Skepticism

Afternoon Inquisition 5.19

This past Saturday we had a Drinking Skepchickally here in San Diego.  We did a lot of discussing of serious topics: anti-vaxxers, The Amaz!ng Meeting, what to call skeptics (rationalists? critical thinkers? awesome-beyond-words?), and how you can’t unfry things.  Also, unsurprisingly, we talked boobs.

I like these meet-ups because it feels like I could discuss any and all things with these like-minded folks. Converse the way it should be done, you know? But that’s surely untrue.

Even among one’s peeps, are there still topics that are off-limits for discussion? If so, where does one turn to get answers to these deep, dark questions in an increasingly irrational world?

a.real.girl

A B Kovacs is the Director of Døøm at Empty Set Entertainment, a publishing company she co-founded with critical thinker and fiction author Scott Sigler. She considers herself a “Creative Adjacent” — helping creative people be more productive and prolific by managing the logistics of Making for the masses. She's a science nerd, a rabid movie geek, and an unrepentantly voracious reader. She doesn't like chocolate all that much.

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66 Comments

  1. Thinking about this, there are plenty of off-limits topics for different friends. I know which ones to not bring up politics/religion with, and what others have no understanding/tolerance of my particular brand of geekery.

    I know not to bring up how I feel one particular friend treats women, because I know him well enough to know that a) he won’t listen and b) I’ll most likely lose him as a friend. I know some may say he’s not worth having as a friend, but he has a PS3, what can I do?

    I’ll also never tell anyone about my secret obsession with arboreal cosplay. That’s right, you may have not even noticed me at some point recently . . .

  2. @JJ: Right on. I try to avoid various topics with certain people. However, I don’t do a very good job at it. The real me has no limit on the topics I want to discuss with people. I started my blog to vent my frustrations to the intertubes rather than piss off my friends in person. Even so, I think I’ve alienated most of my christian friends.

    I so look forward to each meeting of Minneapolis Skeptics because even though we are never all in agreement about everything, we share much the same knowledge base, which makes conversations so much more fun.

  3. Yeah, I’ve got this rash I don’t really talk with other people about… I thought ya’ll might be able to help me with it. I’d post pictures, but I can’t quite figure out how to hold a camera while bending that way.

    But to actually answer, I think having a science-based worldview and atheism are the subjects that can disrupt a conversation. Places like Skepchick help. And I’ve got friends who are fine with those conversations, too. But with many people, they’re off limits. Oddly enough, many people who hold anti-scientific worldviews are still intrigued with science, I just have to skirt around any implications of the fun new finds.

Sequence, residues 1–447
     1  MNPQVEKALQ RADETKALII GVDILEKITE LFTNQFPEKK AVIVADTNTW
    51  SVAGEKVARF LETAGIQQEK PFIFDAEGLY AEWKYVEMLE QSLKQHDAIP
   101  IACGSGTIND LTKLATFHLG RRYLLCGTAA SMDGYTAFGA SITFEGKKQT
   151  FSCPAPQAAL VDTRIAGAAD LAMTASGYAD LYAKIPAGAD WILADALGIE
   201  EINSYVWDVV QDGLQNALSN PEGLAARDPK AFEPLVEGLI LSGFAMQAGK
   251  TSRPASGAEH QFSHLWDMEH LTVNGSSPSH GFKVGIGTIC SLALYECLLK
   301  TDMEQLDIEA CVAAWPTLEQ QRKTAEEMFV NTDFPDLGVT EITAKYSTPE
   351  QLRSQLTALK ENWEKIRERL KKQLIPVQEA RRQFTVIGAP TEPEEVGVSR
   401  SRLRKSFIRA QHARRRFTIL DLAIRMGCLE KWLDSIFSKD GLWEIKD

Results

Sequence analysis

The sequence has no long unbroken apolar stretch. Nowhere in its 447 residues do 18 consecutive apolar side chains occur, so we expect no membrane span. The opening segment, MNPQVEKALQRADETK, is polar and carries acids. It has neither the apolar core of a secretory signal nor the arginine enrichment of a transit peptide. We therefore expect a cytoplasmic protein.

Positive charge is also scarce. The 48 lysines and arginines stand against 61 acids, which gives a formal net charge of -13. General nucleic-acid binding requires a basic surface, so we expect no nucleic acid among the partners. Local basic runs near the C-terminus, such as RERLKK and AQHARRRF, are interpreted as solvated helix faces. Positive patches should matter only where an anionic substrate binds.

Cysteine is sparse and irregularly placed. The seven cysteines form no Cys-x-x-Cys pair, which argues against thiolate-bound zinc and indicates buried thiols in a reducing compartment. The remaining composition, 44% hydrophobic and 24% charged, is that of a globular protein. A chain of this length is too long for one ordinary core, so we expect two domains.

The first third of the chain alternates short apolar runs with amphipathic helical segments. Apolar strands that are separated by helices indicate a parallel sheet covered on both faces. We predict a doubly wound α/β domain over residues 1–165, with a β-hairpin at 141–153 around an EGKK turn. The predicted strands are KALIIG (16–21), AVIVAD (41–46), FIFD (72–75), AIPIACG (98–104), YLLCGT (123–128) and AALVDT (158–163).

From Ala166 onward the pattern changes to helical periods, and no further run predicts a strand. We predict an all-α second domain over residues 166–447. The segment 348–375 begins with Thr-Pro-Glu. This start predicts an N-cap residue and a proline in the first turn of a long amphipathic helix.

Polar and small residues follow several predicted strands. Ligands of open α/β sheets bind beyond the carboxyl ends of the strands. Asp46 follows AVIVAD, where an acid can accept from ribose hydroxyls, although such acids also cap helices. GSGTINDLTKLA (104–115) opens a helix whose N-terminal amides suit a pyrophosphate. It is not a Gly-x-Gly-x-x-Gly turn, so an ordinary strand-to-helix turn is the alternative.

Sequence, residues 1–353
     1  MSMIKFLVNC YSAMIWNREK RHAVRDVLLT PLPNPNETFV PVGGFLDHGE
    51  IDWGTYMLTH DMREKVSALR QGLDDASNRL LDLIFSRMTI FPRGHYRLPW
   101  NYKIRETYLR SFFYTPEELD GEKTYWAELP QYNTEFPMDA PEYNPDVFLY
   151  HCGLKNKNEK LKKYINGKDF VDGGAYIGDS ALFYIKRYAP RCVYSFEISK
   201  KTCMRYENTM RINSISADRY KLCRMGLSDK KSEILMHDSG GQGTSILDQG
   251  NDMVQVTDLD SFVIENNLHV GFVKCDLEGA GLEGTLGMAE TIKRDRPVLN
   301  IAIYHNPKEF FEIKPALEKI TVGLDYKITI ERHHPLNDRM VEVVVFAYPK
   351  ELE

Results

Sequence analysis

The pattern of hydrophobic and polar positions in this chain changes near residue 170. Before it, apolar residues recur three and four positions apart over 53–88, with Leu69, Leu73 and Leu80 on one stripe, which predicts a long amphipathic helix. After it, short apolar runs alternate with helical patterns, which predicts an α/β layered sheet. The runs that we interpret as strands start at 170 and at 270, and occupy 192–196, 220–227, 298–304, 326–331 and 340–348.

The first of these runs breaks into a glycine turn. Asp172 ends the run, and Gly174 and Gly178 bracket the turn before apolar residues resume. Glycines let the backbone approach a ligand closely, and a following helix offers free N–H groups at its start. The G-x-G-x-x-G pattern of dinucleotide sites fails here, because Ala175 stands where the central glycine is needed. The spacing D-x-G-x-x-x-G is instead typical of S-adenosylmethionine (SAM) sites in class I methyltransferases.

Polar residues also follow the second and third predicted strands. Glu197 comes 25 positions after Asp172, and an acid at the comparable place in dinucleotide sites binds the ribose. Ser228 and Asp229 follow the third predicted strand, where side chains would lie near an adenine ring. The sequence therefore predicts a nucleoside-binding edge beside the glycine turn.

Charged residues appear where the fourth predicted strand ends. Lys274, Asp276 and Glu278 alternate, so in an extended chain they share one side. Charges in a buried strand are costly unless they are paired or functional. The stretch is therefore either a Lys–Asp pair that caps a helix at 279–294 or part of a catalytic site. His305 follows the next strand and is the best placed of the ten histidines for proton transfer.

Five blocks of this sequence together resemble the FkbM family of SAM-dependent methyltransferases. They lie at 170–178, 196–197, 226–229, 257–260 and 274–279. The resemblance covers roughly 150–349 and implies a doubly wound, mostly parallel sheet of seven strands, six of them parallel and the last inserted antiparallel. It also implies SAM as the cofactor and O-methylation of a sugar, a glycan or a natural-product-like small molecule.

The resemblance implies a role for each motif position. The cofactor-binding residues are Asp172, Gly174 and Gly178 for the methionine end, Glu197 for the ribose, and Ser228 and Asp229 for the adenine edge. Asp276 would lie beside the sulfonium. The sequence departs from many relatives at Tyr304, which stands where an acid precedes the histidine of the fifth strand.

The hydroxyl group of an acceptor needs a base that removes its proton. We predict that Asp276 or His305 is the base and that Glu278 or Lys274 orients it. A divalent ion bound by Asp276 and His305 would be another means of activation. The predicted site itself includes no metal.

4. @a.real.girl : “…in an increasingly irrational world?”

    It seems to me that the world is actually becoming increasingly rational as opposed to the almost total irrationality of the world during the previous 2000 years. And chicken entrails and tea leaves are not used nearly as often when predicting the future as the use to be.

    As far as off limit topics go, men rarely seem willing to discuss whether their partners are faking organisms or not. So I guess that’ll have to be put to the skepchicks. ;-o

  5. The group I play cards with regularly includes several chiropractors who promote a variety of pseudoscientific woo (such as the notion that allergies can be treated with electric shocks). This results in frequent awkward silences.

    Religion and politics seem to be obvious topics, and ongoing medical issues are another.

  6. Me and my guy friends get kind of uncomfortable when the subject of our feelings comes up. With skeptical friends I feel awkward admitting my own radical leftist politics. I try to get past these reservations and talk about them anyway, though, and I found out the other night that many of my friends consider me to be open and honest to a fault.

  7. @tiger kitty:

    That is supposed to be taken care of pre-emptively by the Preview button just below the Submit button.

    Maybe — ahem, any Skepchicks listening? — maybe the Preview button and the preview could come before the Submit button?

    Preview Button

    “previewed post”

    Submit Button

  8. My wife says I’m not allowed to answer when folks ask me “how are you?” Apparently I’m “depressing,” and I “bring people down” or “drive them to suicide.” I’m only allowed to say “I’m fine,” or “the cops will come around again” and I’ll be “forcibly committed” or something.

  9. I’d like to be able to discuss my hobbies with friends, but none of my close friends come close to matching my level of geeky-ness. Most of them start looking at me strangely when I talk about video games or Dungeons & Dragons.

  10. Unfortuantely (being a young skeptic) i cannot talk about anything that contradicts anyting my parents or teacher believe without being called an idiot who’s under-educated and unfortuantely my mother hangs onto every word the head anti-vaxxer says!

  11. Of course, it depends on the topic and the friend. I don’t talk about evolution or environmentalism (or much of anything, really) with my husband’s best friend. I don’t talk bout the moon landing with his other best friend’s wife. I don’t talk about vaccines with my sister-in-law or abortion with my grandmother-in-law… Etc.